Ben Kelly is a free-spirited journeyman, one that is difficult to pigeon-hole as his musical stylings come from many different places, genres and influences including Latin American, Spanish Guitar, African inspired rhythms, and eastern-style melodies to name a few. Ben believes in the ‘experience’ of music and making a connection with his audience rather than the constant pursuit of the commercial aspects of music. Obviously Ben needs to make a buck to continue to share his art but his real mission is to create music that uplifts and heals. Music that speaks to the heart the mind and the body in an entirety. Music for the betterment of mankind. Anyone attending the Melbourne Guitar Show will be able to witness the Ben Kelly musical experience first-hand, when he plays the Acoustic Stage at 11.30am on Saturday August 8th. Ben always has several musical projects on the go and spoke to Australian Musician’s Greg Phillips about the various concepts he’s working on and his ultimate ambitions.
Ben, what was your earliest exposure to guitar?
I picked up the guitar when I was 13 out of my sister’s cupboard, an old Coles nylon sting. I learned guitar from the songwriting angle. Pink Floyd was my biggest influence musically and lyrically but I was probably following more in the footsteps of Eddie Vedder, Neil Young though, the singer-songwriters. I’m not a one stream musician. I have actually found that to be a hindrance over the years when people ask me what I do. It’s quite an eclectic palette.
Let’s talk about some of your musical projects. Tell me about ‘Lotus Feet’.
That’s a new band which came about through a project I did last year, a live series I was doing called The Rhythms Tribe. It was based around jungle afro, drum and bass, high energy stuff. From that we formed a collective called Lotus Feet and it’s the meditative side of shows we did last year. For this, there are no drums. There’s didgeridoo, singing bowls … it’s Syd Barret crossed with David Gilmour, with flutes and bass, bells, chimes … what I refer to as esoteric sounds. It’s a non-vocal, esoteric sound installation kind of a band. So you can see how far I bounced from the traditional singer-songwriter thing but having said that, I am currently producing an album of songs with drums, bass, keys and guitar, so I am not shying away from that.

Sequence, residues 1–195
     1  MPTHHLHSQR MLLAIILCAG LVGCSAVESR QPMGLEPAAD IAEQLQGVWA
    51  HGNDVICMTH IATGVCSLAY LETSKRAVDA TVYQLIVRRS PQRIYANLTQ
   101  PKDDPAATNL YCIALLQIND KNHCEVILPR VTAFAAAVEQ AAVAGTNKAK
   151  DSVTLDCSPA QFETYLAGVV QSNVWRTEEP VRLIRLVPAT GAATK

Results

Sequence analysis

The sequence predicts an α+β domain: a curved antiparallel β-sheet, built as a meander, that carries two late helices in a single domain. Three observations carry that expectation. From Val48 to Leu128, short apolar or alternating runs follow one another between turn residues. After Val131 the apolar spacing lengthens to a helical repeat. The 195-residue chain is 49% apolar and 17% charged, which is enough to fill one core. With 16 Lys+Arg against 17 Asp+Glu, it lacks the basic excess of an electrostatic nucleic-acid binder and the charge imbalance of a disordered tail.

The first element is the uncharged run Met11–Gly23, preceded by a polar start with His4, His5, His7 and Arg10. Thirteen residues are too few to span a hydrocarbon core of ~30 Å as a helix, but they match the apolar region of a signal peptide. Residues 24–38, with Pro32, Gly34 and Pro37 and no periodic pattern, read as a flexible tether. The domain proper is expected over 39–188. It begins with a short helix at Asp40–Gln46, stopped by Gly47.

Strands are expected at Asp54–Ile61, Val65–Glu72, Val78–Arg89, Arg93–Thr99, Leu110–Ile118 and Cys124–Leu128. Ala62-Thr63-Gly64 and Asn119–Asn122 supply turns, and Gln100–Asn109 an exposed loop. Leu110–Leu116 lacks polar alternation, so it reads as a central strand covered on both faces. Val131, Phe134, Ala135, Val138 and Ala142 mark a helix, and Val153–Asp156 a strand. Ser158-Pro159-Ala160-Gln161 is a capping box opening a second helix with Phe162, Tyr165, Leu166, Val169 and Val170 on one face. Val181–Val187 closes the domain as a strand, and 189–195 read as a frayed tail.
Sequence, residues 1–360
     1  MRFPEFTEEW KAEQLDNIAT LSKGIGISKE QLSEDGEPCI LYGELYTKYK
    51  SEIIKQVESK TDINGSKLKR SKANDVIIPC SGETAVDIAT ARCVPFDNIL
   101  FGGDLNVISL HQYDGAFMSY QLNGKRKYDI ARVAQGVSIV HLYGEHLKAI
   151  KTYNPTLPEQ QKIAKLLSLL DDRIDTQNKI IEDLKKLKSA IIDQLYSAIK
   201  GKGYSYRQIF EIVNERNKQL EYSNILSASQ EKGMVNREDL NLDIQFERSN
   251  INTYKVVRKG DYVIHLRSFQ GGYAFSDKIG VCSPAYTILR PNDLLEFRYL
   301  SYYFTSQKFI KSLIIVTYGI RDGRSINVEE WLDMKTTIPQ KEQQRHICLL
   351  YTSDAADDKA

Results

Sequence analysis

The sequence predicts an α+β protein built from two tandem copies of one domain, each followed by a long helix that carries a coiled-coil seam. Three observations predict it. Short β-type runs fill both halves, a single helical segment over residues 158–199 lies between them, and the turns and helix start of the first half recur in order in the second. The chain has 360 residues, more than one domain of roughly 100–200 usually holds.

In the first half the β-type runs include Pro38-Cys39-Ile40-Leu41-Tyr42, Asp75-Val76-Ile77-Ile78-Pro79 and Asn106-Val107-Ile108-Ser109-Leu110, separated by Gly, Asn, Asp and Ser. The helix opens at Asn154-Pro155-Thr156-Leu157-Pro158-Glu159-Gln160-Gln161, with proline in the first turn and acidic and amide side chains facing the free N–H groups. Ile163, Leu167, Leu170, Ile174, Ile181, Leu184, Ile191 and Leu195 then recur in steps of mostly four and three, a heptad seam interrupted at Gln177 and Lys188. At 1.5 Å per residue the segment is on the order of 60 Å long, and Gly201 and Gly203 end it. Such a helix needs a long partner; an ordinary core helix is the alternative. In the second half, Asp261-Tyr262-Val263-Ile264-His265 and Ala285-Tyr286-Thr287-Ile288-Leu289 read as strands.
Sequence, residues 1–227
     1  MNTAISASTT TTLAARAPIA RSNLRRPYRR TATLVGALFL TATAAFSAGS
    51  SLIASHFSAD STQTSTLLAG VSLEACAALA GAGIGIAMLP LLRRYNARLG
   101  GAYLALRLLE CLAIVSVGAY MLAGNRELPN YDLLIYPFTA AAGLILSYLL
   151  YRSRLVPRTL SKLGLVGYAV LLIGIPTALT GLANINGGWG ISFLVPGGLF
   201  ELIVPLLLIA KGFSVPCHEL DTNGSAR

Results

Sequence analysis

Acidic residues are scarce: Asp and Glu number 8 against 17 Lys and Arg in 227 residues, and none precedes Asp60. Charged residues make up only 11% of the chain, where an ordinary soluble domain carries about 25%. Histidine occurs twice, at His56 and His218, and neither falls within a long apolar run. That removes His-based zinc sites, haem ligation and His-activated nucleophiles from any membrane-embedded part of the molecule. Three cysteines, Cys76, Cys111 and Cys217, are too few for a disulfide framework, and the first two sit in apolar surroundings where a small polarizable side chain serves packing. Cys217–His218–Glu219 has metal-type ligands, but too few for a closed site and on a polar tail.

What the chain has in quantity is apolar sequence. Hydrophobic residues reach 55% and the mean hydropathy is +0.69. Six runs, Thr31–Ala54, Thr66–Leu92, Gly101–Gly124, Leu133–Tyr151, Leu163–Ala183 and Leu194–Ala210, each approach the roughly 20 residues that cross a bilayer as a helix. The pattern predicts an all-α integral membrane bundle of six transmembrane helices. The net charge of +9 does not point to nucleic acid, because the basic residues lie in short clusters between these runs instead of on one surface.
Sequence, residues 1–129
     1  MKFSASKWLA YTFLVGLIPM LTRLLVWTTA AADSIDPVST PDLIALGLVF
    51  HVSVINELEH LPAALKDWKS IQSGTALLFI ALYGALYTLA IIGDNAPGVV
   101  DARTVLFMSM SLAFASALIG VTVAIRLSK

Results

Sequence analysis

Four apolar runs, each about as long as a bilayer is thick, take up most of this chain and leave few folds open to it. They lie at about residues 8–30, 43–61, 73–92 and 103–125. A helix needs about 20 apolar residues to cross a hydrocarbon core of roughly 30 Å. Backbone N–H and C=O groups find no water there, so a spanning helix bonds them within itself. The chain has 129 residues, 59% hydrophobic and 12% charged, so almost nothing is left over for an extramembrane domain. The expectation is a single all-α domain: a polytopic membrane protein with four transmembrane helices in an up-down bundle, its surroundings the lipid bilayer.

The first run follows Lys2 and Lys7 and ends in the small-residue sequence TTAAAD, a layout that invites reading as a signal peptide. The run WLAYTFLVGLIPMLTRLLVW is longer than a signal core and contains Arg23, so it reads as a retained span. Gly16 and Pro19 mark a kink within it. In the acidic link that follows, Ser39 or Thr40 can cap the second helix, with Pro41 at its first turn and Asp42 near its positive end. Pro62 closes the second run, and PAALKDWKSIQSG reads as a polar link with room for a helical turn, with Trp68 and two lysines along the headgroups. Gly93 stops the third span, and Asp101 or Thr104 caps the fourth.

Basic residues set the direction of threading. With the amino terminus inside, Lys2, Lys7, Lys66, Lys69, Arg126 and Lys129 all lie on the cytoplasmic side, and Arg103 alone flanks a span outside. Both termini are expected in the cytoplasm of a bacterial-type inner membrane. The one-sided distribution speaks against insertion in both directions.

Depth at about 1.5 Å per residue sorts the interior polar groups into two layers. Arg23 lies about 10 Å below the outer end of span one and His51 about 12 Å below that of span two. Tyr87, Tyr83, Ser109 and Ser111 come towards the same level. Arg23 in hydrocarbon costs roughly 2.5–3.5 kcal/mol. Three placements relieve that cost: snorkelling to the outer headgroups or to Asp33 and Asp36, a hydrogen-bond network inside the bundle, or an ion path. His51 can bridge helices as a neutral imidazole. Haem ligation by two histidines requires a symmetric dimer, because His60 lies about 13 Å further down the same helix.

‘50,000 People’ was another album you released. What was the concept behind that?
The title track was written when I was camping on a property in the Yarra Valley. I had my PA set up on the 10 acre property playing this song on my own, imagining that I was in celebration with 50,000 people. The concept of that song is that it won’t be complete until it’s played and celebrated with 50,000 people.
Another project is the ‘Path of Least Resistance’. What is that?
It’s my main project for this year and it’s to skateboard around Australia. I played down at the Falls Festival on New Year’s Eve and I took a few days with a friend camping, surfing and skating before the festival. While we were doing that my friend said, why don’t we surf and skate around Australia? I said let’s do it and he said well I cant really because I have to work. So I thought I’ll do it anyway, I’ll skate around Australia. I am doing my last gig at the Melbourne Guitar Show and then I am throwing myself at the universe and I will live off street performance for the rest of the year. I’ll busk, skate a hundred k’s a day, raising funds for Amnesty, living under the skies. Yes, It’s a little bit scary. So the Path of Least Resistance is that project but also the title of my next album.
One of great things about the Melbourne Guitar Show is the different kind of guitar players who will be performing. How would you describe the way you use guitar?
I wouldn’t consider myself a traditional guitar player. I am definitely blown away by some of the more traditional techniques from people like Lloyd Spiegel. When I am playing my best, I am having a conversation with my guitar. Emotional expression, that’s what drives me with my guitar playing, to express through my instrument my emotional feelings, inspirations and aspirations, expressing the moments lived through the instrument. For years I tried to learn the guitar and then I stopped trying to learn to play the guitar. Since I stopped trying, the guitar now just plays itself. It’s very much through feel and intuition.